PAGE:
By Mary Ellen Sanders, PhD
The International Scientific Association for Probiotics and Prebiotics (ISAPP) recently convened its first meeting held in Asia, with the modern hub of Singapore as a host city. The meeting featured a two-day open registration meeting, attended by nearly 250 scientists, health professionals, and industry representatives, and a third day of smaller discussion groups by invitation. The meeting provided a rare opportunity for non-members to attend. It provided a dynamic forum for sharing different clinical experiences and regulatory nuances amongst the continents, as well as allowing attendees to better appreciate the research being performed in the Asian region.
Here are a few speaker highlights:
Mimi Tang MD
Tang presented the results of a double-blind, randomized controlled trial examining the effect of probiotic supplementation combined with oral immunotherapy (OIT) to decrease the risk of peanut allergy in children. Peanut allergy is one of the fastest growing food allergies in children. In the Probiotic and Peanut Oral ImmunoTherapy [PPOIT] study, children randomized to the intervention group had increased rates of sustained responsiveness to peanut several weeks after discontinuation of the treatment. Tang discussed the implications of the study, as well as current, larger clinical trials that are building upon these findings.
Dr. Bruno Pot
The Lactobacillus genus is taxonomically abnormally heterogeneous. Currently, the 231 Lactobacillus species range from a genome size of 1.23 – 4.91 megabases, have a GC content of 32-57% and an average nucleotide identity that is typical for a family or worse. Such ranges are far beyond what is acceptable for a bacterial genus. Experts are recommending that the current genus should be split into 12 new genera. Some well-known lactobacilli would be re-named, which may have important repercussions commercially and legally.
Profs. Colin Hill and Patrice Cani
Hill described how lactase in yogurt cultures improves lactose digestion; he emphasized how mechanisms that drive probiotic activity are complex. Some scientists are searching for a single molecule that drives probiotic health benefits—but it is unlikely to be found.
Hill noted even inactivated (non-living) microbes may have health effects—for example, a study showed that a dead Lactobacillus strain reduced anxious behavior, reduced cortisol levels, and impacted the microbiome in a mouse model. Work by Prof. Patrice Cani showed that heat-killed Akkermansia muciniphila were sufficient to ameliorate obesity and diabetes in mice. Does this suggest that we will need to start quantifying probiotics based on biomass as well as CFU?
Profs. Hani El-Nezami, Gregor Reid and Akihito Endo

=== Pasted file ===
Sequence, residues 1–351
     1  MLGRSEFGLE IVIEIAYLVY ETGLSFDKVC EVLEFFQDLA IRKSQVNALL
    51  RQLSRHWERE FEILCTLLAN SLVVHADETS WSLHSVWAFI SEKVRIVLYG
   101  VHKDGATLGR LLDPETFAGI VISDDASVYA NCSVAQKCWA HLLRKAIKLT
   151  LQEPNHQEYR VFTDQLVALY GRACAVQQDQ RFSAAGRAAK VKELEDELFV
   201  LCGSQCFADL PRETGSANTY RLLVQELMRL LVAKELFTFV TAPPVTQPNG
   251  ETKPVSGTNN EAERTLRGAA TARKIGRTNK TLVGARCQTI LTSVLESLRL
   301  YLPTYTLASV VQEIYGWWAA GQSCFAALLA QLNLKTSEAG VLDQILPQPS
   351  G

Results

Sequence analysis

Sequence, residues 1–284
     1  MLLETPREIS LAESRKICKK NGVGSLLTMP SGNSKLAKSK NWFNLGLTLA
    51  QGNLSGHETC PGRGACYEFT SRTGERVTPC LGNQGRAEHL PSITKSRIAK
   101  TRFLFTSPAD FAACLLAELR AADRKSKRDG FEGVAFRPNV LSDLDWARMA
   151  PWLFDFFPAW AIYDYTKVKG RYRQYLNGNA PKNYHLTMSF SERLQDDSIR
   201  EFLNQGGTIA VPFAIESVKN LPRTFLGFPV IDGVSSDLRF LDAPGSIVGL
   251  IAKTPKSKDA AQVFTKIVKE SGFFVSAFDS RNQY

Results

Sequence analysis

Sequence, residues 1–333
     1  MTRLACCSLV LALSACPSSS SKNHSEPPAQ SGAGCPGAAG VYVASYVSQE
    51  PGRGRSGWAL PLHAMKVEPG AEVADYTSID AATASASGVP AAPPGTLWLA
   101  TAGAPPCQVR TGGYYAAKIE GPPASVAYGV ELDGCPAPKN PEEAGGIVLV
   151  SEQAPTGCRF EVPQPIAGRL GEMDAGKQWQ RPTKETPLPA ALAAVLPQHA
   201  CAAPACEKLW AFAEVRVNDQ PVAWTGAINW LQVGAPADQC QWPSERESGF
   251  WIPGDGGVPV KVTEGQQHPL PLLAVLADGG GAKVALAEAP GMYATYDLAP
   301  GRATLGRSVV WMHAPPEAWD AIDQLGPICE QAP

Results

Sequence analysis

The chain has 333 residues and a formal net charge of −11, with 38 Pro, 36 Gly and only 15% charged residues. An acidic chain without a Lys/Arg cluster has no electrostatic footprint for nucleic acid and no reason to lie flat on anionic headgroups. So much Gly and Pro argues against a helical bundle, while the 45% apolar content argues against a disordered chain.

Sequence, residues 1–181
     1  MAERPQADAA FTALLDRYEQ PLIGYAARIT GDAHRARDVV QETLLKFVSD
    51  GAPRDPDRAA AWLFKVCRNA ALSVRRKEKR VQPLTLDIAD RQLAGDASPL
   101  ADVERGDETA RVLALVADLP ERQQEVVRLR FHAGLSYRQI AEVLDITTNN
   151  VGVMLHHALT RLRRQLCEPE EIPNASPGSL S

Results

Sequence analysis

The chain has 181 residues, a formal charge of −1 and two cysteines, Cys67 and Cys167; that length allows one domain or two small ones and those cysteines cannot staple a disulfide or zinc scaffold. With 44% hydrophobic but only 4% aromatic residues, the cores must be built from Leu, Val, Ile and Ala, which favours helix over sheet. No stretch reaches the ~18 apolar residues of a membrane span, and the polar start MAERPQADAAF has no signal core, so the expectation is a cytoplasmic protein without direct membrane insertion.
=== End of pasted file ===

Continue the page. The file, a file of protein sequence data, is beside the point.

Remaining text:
These three speakers illustrated the important impact of environmental toxins (extremely potent aflatoxins, pesticides, and heavy metals) on humans and wildlife. They showed how certain probiotic strains can decrease aflatoxin absorption and even degrade them; sequester heavy metals and pesticides to reduce their uptake; and enhance resistance to honey bee colony collapse disorder that threatens the world’s food supply.
Prof. Wim Teughels
To date, 11 studies have been published on probiotics with a low ‘number needed to treat’ for prevention of dental caries in infants, toddlers, and adults. One study showed the benefits of administered L. reuteri, following children for nine years after they were treated as infants before any teeth had emerged. Also, data exist for probiotics influencing other oral health endpoints, including periodontal infections, oral candida infections, and halitosis.
The discussion groups on day three of the conference addressed a range of topics:
- Possibilities to harmonize global probiotic and prebiotic regulations—Chaired by Seppo Salminen (Finland), Yuan Kun Lee (Singapore), and Gabriel Vinderola (Argentina)
- Fermented foods for health: East meets West—Chaired by Bob Hutkins (USA), Paul Cotter (Ireland), and Liu Shao Quan (Singapore)
- Potential value of probiotics and prebiotics to treat or prevent serious medical issues in developing countries—Chaired by Daniel Merenstein (USA), Reuben Wong (Singapore), and Colin Hill (Ireland)
- Prebiotics as ingredients: How foods, fibres and delivery methods influence functionality—Chaired by Glenn Gibson (England) and Karen Scott (Scotland)
These workshops often produce peer-reviewed publications based on the discussion outcomes, so stay tuned for these developments. (See here for a list of ISAPP publications.)
The full meeting report is being developed and will be posted on the ISAPP website shortly.
The 2019 meeting will return to ISAPP’s normal format, hosted by Dr. Sarah Lebeer in Antwerp, Belgium.